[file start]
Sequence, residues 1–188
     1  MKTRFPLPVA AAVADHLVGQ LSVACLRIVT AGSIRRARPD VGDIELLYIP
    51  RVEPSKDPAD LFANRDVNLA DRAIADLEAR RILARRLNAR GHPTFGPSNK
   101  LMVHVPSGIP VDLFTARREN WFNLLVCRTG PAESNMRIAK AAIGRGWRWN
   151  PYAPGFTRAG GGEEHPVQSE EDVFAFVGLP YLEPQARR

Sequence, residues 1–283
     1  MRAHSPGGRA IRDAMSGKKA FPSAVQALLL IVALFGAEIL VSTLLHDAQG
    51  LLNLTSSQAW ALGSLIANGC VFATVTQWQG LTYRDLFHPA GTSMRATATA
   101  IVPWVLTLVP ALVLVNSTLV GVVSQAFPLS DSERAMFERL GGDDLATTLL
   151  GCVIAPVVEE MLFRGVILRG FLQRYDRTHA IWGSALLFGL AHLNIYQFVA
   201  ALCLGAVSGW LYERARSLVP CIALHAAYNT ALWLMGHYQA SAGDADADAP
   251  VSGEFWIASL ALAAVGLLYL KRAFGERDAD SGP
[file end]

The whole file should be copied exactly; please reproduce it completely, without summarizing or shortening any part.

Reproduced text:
Sequence, residues 1–188
     1  MKTRFPLPVA AAVADHLVGQ LSVACLRIVT AGSIRRARPD VGDIELLYIP
    51  RVEPSKDPAD LFANRDVNLA DRAIADLEAR RILARRLNAR GHPTFGPSNK
   101  LMVHVPSGIP VDLFTARREN WFNLLVCRTG PAESNMRIAK AAIGRGWRWN
   151  PYAPGFTRAG GGEEHPVQSE EDVFAFVGLP YLEPQARR

Sequence, residues 1–283
     1  MRAHSPGGRA IRDAMSGKKA FPSAVQALLL IVALFGAEIL VSTLLHDAQG
    51  LLNLTSSQAW ALGSLIANGC VFATVTQWQG LTYRDLFHPA GTSMRATATA
   101  IVPWVLTLVP ALVLVNSTLV GVVSQAFPLS DSERAMFERL GGDDLATTLL
   151  GCVIAPVVEE MLFRGVILRG FLQRYDRTHA IWGSALLFGL AHLNIYQFVA
   201  ALCLGAVSGW LYERARSLVP CIALHAAYNT ALWLMGHYQA SAGDADADAP
   251  VSGEFWIASL ALAAVGLLYL KRAFGERDAD SGP